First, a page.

An interesting suggestion emerged from some speakers (1 and 2) of the last PHP UK conf is: do not use the Singleton design pattern !!
At the beginning it made me a little astonished as it’s one of the most widely used design patterns, in addition ZF and lots of other projects use it. However, after a while I agreed the idea. Singleton actually had created some problems when I had to do some class testing and refactoring in some PHP code.
Why is it not a good practice ? Singleton is appropriate when dealing with threads (JAVA, C#), but as a matter of fact in PHP applications it’s used just as a global constant and it creates dependency injection. That’s a bad practice as it couples the components/classes and usually makes difficult unit testing, refactoring and structural changes.
I attended the PHP UK conference 2010 on Friday. Unfortunately the event took place in one day, so there were three talks at each time slot in different rooms. I had to choice the most promising each time. It was a pity to have some very interesting ones at the same time (like AntiPHPatterns and RDBMS, or DB optimisation and the PHP 5.3). Fortunately, I’ve already found almost all the slides and notes online.
I choose the excellent PHP-strictly-related talks of S.Priebsch, F.Potencier and J.Schlüter as well as the good Seguy’s talk about security (and the quite unsatisfying Hudson’s talk).
Some interesting comments on joindin. Continue reading
I’ve just searched and found the slides of the online talks made at the PHP conference 2009 that I couldn’t attend.
For some of them, a few-line-summary.
I’ve recently been asked to move a site (1Gb of files) from a Italian hosting linux (no ssh) to the same cheap hosting but to another server windows (damn ! no ssh, no console commands from PHP, the only way to upload files is the old slow uncool FTP).
Problem: I’ve got an extremely poor upload bandwith in my house in UK. So, I’ve used another hosting with SSH (dreamhost, in US) and:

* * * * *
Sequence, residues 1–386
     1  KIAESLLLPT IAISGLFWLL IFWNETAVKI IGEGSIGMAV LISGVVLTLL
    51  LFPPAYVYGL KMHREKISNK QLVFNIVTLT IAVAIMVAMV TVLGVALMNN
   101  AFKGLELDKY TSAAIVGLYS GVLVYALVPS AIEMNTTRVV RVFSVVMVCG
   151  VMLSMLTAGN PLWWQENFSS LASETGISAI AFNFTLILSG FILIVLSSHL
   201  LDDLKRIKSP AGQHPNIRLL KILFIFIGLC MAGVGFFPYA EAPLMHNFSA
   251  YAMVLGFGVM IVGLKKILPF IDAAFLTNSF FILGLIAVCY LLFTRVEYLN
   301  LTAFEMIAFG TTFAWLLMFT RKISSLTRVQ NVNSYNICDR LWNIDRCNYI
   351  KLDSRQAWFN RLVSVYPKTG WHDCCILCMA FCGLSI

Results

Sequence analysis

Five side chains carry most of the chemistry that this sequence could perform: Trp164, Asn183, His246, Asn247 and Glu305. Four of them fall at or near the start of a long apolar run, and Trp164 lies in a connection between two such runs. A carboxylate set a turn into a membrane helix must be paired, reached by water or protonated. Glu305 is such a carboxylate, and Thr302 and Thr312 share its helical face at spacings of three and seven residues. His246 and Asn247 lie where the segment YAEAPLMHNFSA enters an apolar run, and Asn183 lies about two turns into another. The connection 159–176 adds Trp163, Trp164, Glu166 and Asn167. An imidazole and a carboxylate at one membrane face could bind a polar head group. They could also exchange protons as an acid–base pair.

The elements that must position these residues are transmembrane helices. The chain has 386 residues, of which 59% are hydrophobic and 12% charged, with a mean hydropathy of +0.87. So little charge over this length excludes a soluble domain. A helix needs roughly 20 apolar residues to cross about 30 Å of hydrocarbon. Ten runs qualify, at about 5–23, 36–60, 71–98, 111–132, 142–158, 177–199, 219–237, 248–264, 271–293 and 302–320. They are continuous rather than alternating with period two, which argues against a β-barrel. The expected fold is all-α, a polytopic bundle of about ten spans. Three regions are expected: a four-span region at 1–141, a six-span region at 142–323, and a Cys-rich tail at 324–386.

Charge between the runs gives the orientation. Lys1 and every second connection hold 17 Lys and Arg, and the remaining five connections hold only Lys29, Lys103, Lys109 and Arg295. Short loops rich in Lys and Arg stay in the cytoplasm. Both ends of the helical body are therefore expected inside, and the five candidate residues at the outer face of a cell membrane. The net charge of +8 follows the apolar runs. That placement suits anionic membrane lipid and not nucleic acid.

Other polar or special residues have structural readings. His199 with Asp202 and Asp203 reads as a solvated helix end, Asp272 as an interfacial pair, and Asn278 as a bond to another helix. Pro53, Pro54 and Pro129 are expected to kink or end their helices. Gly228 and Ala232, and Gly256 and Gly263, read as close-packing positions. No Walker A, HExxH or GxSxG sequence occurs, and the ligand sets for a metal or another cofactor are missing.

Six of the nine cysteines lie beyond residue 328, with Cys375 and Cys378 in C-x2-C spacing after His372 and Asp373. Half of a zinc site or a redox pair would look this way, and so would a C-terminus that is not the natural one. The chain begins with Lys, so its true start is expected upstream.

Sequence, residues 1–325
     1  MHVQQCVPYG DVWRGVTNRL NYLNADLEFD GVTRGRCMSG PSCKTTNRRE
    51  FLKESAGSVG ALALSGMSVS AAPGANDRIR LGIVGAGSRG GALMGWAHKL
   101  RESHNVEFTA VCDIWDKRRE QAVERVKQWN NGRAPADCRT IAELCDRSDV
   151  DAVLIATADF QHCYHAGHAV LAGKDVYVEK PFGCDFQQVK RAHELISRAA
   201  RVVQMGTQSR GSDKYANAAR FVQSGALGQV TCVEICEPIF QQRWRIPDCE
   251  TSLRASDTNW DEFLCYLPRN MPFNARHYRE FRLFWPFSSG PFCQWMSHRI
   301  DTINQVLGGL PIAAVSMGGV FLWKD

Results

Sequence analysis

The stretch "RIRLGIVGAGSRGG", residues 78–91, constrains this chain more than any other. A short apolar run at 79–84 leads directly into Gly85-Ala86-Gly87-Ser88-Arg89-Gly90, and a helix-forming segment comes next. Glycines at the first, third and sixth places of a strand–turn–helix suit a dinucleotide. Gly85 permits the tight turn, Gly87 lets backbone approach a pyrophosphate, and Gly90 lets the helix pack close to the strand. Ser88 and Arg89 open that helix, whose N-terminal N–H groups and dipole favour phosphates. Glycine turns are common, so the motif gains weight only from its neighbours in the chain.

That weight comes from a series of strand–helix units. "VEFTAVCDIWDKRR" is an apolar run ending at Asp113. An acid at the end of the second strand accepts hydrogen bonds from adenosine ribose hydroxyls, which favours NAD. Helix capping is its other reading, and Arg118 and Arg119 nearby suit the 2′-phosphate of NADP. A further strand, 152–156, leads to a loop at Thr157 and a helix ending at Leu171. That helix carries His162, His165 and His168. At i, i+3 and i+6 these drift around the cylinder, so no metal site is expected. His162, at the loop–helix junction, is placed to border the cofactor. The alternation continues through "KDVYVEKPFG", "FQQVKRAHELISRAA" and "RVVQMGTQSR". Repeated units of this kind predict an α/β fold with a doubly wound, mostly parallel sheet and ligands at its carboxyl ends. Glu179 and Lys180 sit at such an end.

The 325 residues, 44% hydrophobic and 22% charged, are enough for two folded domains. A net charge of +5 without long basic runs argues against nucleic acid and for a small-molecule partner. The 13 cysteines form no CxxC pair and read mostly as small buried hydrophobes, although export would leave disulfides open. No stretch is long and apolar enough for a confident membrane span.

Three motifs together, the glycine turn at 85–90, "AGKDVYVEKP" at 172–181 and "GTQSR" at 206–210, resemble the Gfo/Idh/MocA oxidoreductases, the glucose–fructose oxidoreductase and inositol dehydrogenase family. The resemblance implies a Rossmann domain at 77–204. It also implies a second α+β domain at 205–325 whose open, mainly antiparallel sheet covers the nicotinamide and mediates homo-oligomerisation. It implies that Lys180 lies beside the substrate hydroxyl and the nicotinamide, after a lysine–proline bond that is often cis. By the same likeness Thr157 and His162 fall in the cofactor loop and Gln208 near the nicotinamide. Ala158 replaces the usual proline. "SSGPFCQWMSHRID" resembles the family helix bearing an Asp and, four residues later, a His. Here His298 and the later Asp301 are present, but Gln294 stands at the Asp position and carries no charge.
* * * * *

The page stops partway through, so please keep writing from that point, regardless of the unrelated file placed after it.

1) got data from the 1st hosting (step1). Uploaded a php files that runs “tar -cf all.tar *”m, executed a “wget” to get the tarball, extracted the tarball.
2) uploaded to the second Italian windows hosting (step2).
ncftpput -R -v -u “username” ftp://ftp.site.it /fpt-root-folder .
UPDATE: To download the site recursively: use ncftpget. Digit “ncftp” and press “tab” to see other commands
Weird tricky situation, isn’t it ?
As PHP is becoming a widely used web server technology, more and more developers are comparing PHP with other technologies like J2EE or .NET.
It has been the butt of criticism as considered not scalable: totally wrong !
A system is scalable when is able to keep the performances under an increased load, mainly due to more users. Speaking about scripting execution velocity (that is a constant in that evaluation) is a completely different kettle of fish.
So, PHP, Python and Perl absolutely scale as J2EE/.NET if the server is upgraded or more parallel servers are added.
Note that all the session-related problems (sticky sessions etc..) are managed in a lower layer, so PHP has no problem with that.
An interesting book about scalability is :Building Scalable Web Sites – written by Cal Henderson, the chief software architect of Flickr (built with PHP)